Disseminated intravascular coagulation (DIC) is a complication that occurs in 35% of patients with sepsis and is associated with increased morbidity and mortality in children and adults. This disorder is characterized by widespread thrombosis as well as suppressed fibrinolysis. Management includes both treatment of the underlying infection and the hematologic abnormalities that contribute to DIC and its complications. Currently, there is no consensus on a treatment algorithm for DIC in pediatric patients. We present a 15-month-old female with sepsis-induced DIC secondary to group A Streptococcus (GAS) infection, who was treated with antithrombin (AT) and simultaneous tissue plasminogen activator (tPA) infusions. Her physical examination and laboratory findings were consistent with multiple organ dysfunction syndrome (MODS), as evidenced by her cardiovascular compromise, respiratory failure, acute kidney injury, transaminitis, and diffuse, purpuric lesions on her extremities with no proximal or distal pulses. She required high flow oscillatory ventilation (HFOV), 100% inspired oxygen, inhaled nitric oxide (iNO), and inotropic support in addition to receiving broad-spectrum antibiotics. For treatment of her DIC, an AT infusion consisting of a 500 IU intravenous (IV) bolus followed by a continuous infusion ranging from 25 – 35 units/kg/hr was administered for 48 hours to maintain AT levels at 150%. tPA was simultaneously started at 0.025 mg/kg/hr with the AT infusion. The AT infusion was administered for 48 hours and was weaned between hours 36 and 48 by 10 units/kg/hr every four hours. The tPA infusion was discontinued at hour 50, two hours after AT was discontinued. A heparin infusion of 20 units/kg/hr was started two hours prior to the AT discontinuation and four hours prior to the tPA discontinuation. Within the first 12 hours of this combination therapy, the patient was transitioned to conventional mechanical ventilation from HFOV, had a decrease in inspired oxygen to 50%, iNO was discontinued, inotropic support was significantly weaned, and there was noted clinical improvement in the patient’s extremities. Proximal and distal pulses returned, indicating marked improvement of perfusion in previously devitalized limbs. No bleeding complications or adverse events were noted in the patient during or after therapy. Continuous infusions of AT and tPA as combination therapy resulted in rapid improvement of the patient’s sepsis-induced DIC, weaning of cardiopulmonary support, resolution of MODS, and restoration of perfusion in devitalized extremities. This treatment demonstrates potential for further research that could alter the approach to the management of DIC in pediatric patients.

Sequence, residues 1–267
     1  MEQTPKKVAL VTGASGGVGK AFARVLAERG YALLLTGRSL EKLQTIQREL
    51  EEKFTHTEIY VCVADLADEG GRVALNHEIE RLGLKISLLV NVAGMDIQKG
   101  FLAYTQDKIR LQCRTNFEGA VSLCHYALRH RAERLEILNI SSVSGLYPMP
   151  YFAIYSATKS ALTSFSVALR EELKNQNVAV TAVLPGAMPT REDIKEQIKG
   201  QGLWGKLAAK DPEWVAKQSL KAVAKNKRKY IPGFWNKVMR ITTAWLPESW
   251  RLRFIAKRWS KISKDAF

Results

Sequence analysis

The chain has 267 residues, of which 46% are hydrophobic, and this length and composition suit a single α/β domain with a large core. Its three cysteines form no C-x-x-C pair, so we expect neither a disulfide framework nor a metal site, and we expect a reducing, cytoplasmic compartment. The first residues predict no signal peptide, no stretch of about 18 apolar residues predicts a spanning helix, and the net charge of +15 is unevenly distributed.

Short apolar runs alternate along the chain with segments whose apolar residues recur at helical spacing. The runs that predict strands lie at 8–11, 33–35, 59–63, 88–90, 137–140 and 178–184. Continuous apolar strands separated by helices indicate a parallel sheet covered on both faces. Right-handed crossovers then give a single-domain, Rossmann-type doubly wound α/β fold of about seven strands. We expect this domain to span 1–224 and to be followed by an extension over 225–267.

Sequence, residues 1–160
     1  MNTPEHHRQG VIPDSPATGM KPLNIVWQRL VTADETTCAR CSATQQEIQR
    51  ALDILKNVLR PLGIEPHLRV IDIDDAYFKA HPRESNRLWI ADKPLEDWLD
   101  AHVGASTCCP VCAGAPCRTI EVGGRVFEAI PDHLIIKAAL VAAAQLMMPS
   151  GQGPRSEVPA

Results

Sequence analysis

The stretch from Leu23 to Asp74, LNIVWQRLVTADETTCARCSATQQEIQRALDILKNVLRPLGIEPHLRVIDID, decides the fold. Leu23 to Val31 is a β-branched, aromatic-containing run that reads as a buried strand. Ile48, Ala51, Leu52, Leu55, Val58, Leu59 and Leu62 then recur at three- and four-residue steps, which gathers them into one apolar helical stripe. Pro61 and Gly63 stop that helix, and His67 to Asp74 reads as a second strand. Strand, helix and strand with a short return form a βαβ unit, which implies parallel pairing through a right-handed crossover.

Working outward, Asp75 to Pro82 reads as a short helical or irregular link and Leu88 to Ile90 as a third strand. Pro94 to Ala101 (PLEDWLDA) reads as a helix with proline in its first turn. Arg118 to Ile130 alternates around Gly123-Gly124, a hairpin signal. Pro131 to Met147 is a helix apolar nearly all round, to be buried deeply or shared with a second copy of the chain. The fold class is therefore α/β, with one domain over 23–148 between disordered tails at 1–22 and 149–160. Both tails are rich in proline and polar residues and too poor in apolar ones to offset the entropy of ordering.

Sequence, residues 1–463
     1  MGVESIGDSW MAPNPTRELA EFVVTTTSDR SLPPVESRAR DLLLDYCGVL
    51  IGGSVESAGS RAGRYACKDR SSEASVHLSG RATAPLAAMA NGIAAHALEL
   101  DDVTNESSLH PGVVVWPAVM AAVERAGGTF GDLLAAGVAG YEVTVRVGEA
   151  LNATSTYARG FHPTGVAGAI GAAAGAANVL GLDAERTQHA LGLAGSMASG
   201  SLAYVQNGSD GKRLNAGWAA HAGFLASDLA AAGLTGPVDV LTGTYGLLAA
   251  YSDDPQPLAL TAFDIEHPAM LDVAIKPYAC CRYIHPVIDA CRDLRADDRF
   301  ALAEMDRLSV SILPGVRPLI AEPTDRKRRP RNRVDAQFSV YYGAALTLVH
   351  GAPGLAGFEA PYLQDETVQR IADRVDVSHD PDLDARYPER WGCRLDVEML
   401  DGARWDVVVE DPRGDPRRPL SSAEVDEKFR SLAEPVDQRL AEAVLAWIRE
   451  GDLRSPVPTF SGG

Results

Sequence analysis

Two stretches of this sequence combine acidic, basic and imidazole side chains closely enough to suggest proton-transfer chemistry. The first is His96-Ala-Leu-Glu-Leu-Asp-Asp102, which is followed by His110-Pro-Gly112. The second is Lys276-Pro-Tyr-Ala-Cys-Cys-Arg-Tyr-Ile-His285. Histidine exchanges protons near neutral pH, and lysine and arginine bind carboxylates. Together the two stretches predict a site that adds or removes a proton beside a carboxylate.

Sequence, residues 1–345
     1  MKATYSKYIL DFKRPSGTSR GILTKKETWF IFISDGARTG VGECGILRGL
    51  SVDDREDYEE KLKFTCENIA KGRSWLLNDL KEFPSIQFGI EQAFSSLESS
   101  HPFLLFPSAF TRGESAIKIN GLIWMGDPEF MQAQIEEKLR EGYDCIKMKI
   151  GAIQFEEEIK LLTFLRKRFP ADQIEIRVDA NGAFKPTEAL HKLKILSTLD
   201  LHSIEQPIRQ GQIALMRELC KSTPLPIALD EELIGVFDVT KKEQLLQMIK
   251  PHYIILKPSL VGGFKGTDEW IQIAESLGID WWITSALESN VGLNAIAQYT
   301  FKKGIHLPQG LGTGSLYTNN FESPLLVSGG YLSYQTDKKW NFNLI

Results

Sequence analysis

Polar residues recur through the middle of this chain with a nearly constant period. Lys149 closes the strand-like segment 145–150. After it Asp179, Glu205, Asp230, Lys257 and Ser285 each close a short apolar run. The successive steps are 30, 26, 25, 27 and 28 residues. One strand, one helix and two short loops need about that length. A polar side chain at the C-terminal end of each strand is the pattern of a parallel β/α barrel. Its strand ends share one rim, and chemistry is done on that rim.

Patient's Left Lower Extremity During AT and tPA
The patient’s left lower extremity 14 hours after starting continuous infusions of antithrombin (AT) and tissue plasminogen activator (tPA).
Patient's Left Lower Extremity After AT and tPA
The patient’s left lower extremity 7 days after completion of continuous infusions of antithrombin (AT) and tissue plasminogen activator (tPA).